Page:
CVE-2021-44228 is a remote code execution vulnerability that is affecting multiple versions of the Apache Log4j 2 library.
This vulnerability is being actively exploited in the wild with a number of instances being reported.
Even when remote code execution exploitation is not possible it is often possible to extract sensitive information from environment variables via a DNS request.
A huge variety of systems are affected by this issue, the complete list of affected products is currently unknown. However a community effort to document these is underway here: https://github.com/authomize/log4j-log4shell-affected
More information to follow as the situation evolves.
Over the past week the AppCheck research team has been closely monitoring the log4j vulnerability and researching new vectors of exploitation.
The following summarises some of the key points and developments:
Real word observation of malicious threat actors (and others) searching for the vulnerability show a methodology that is very limited and designed to catch the low hanging fruit. The most common attempts involve embedding the payload within common HTTP request headers to any arbitrary request, usually the web root. Whilst this may work in some cases, it will usually only be successful if the target web server platform itself is logging via log4j, for example to create an access or request error log.
In many real-world cases however, the vulnerable logging function isn’t used in this way and its not until the hosted application functionality is properly flexed that the vulnerability is triggered.
We therefore recommend that AppCheck customers run a full crawl AppCheck scan of your web applications as well as using the faster log4j profile.
We have added a profile named “Log4j Full App Crawl” that uses the full crawler and only the plugins used to detect the log4j vulnerability. This differs from the original profile in that it will fully crawl the application and test all parameters by default to provide wider coverage.
Note that a full log4j scan is included with all standard scan profiles by default.
Naturally, the most common vectors for this vulnerability are via the web server and web applications. These are likely to remain the most common vectors for exploitation for some time to come. However, this flaw exists within a Java library that is used across a myriad of systems and impacts them in the same way. As the number of easy to exploit web servers beings to dwindle, malicious actors are likely to expand their capabilities to include other protocols.
At the time of writing (16th December 2021) AppCheck has added a number of vectors including SMTP, FTP and SSH as well as HTTP(s) and HTTP/2. These are included in all profiles by default for both infrastructure and web application scans.
A common approach for detecting this vulnerability is to submit a payload containing a specially crafted hostname then observe a DNS pingback for that hostname. In many cases the scanners that are adopting this technique are expecting the DNS lookup to be immediate or within a few seconds. This can cause some cases to be missed, for example when log messages are buffered or delayed. In several real world cases we have observed a situation where data submitted via the application is used to create a job for another system that when processed triggers the flaw, this of course may result in a significant delay between scan and payload execution.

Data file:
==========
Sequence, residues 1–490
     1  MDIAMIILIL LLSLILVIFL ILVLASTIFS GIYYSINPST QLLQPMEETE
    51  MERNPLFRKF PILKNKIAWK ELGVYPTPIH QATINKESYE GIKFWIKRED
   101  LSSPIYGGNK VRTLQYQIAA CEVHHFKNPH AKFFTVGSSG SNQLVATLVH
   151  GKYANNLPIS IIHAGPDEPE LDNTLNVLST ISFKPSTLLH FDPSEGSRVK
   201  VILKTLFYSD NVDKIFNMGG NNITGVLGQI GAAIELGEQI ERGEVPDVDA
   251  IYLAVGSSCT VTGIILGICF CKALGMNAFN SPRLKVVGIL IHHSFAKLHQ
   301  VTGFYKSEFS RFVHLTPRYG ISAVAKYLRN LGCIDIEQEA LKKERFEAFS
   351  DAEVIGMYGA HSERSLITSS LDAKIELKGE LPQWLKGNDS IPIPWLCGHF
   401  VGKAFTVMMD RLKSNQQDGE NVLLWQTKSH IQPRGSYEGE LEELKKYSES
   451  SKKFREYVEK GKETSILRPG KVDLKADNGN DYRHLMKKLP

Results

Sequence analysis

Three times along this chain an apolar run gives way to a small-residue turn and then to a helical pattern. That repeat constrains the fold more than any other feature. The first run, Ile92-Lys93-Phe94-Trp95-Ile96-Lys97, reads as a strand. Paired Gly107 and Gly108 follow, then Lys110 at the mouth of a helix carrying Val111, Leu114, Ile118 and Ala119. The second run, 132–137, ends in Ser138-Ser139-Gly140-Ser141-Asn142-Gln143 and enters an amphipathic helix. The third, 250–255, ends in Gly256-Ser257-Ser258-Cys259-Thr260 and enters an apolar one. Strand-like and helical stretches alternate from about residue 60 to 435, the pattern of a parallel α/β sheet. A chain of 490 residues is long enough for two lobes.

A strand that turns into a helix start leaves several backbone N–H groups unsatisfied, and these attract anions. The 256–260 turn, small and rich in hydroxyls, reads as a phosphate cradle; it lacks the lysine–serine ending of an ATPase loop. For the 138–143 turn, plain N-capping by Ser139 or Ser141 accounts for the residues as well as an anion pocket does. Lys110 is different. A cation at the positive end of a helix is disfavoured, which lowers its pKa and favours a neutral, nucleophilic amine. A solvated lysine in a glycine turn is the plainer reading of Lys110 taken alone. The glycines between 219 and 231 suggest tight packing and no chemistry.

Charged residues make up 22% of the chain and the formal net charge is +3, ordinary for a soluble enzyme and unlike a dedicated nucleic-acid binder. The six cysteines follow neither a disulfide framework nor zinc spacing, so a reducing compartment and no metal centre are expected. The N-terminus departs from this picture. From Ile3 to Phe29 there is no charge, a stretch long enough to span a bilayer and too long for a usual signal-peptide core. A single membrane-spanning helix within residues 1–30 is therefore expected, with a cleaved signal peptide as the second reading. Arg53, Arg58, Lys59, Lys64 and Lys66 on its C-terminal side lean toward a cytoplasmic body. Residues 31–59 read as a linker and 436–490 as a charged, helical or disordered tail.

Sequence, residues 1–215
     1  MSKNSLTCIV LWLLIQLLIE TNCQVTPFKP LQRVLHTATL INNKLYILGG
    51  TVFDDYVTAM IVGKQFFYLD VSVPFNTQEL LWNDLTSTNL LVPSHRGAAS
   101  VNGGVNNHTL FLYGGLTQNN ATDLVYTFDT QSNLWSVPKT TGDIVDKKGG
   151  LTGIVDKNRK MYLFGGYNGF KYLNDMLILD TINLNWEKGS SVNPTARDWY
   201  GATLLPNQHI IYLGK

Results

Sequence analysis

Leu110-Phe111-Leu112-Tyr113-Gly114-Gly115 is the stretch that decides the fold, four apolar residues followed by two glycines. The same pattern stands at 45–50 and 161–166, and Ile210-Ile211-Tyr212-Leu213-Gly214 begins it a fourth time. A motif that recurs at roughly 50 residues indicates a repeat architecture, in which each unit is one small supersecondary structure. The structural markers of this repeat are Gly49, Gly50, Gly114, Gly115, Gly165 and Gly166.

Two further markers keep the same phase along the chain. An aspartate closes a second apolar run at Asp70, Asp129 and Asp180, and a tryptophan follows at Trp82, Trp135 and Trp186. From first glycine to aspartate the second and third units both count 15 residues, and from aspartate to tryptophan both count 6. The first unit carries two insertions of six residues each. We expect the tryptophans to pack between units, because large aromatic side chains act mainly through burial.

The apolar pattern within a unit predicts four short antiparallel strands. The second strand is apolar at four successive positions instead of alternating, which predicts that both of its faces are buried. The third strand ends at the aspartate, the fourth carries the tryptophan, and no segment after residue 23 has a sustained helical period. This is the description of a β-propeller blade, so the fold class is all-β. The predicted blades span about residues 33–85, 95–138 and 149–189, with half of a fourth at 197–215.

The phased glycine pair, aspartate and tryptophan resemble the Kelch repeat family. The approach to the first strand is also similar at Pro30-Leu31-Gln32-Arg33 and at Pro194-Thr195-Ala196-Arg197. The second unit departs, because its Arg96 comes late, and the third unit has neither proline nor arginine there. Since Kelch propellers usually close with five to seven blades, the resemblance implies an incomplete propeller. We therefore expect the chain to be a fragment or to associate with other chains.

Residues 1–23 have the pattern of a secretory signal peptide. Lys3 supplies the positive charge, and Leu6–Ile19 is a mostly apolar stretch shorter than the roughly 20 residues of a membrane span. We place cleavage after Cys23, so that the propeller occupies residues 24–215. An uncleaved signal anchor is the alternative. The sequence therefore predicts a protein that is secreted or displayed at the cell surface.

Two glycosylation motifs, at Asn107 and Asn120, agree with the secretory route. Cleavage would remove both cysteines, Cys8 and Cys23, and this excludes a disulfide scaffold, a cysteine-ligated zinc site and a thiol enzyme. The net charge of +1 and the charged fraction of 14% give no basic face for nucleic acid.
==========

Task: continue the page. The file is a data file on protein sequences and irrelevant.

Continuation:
AppCheck has added delayed execution detection so to allow detection when the payload triggers outside of the initial scan window.
Over the past week there has been a sharp uptick in successful attacks targeting known triggers in popular software such as VMWare, Mobile Iron and Liferay CMS’s.
AppCheck has added a database of known triggers to our detection to quickly detect these vectors in infrastructure scanning. We will continue to add to this list as vectors become known.
If you are an AppCheck customer, the good news is your regular scans will have already picked up this vulnerability, and over the weekend (11th and 12th ) AppCheck has been closely monitoring public attack vectors and has released a comprehensive detection that is available to all clients across all scans and profiles. We have also added a specific template to run a quick check for this CVE.
Current features include:
The support team are on hand for any queries but please appreciate we anticipate high volumes of requests regarding this vulnerability so response times may be slower than usual.
New vulnerability CVE-2021-45046, suggests that the initial patch was not sufficient so 2.15.0 is still vulnerable in some scenarios. The information here states that: ‘It was found that the fix to address CVE-2021-44228 in Apache Log4j 2.15.0 was incomplete in certain non-default configurations.’ and that previous mitigation such as setting `log4j2.noFormatMsgLookup` to `true` are ineffective. It is recommended to update to 2.16.0.
It is important to note that Log4J is included in a number of enterprise products so you may be affected even if you do not believe you run Java within your enterprise.
Further useful information can be found here: https://www.reddit.com/r/blueteamsec/comments/rd38z9/log4j_0day_being_exploited/
As always, if you require any more information on this topic or you’re not an AppCheck customer and want to check for this and other vulnerabilities in your website and applications then please get in contact with us: firstname.lastname@example.org
AppCheck is a software security vendor based in the UK, offering a leading security scanning platform that automates the discovery of security flaws within organisations websites, applications, network, and cloud infrastructure. AppCheck are authorized by the Common Vulnerabilities and Exposures (CVE) Program as a CVE Numbering Authority (CNA).
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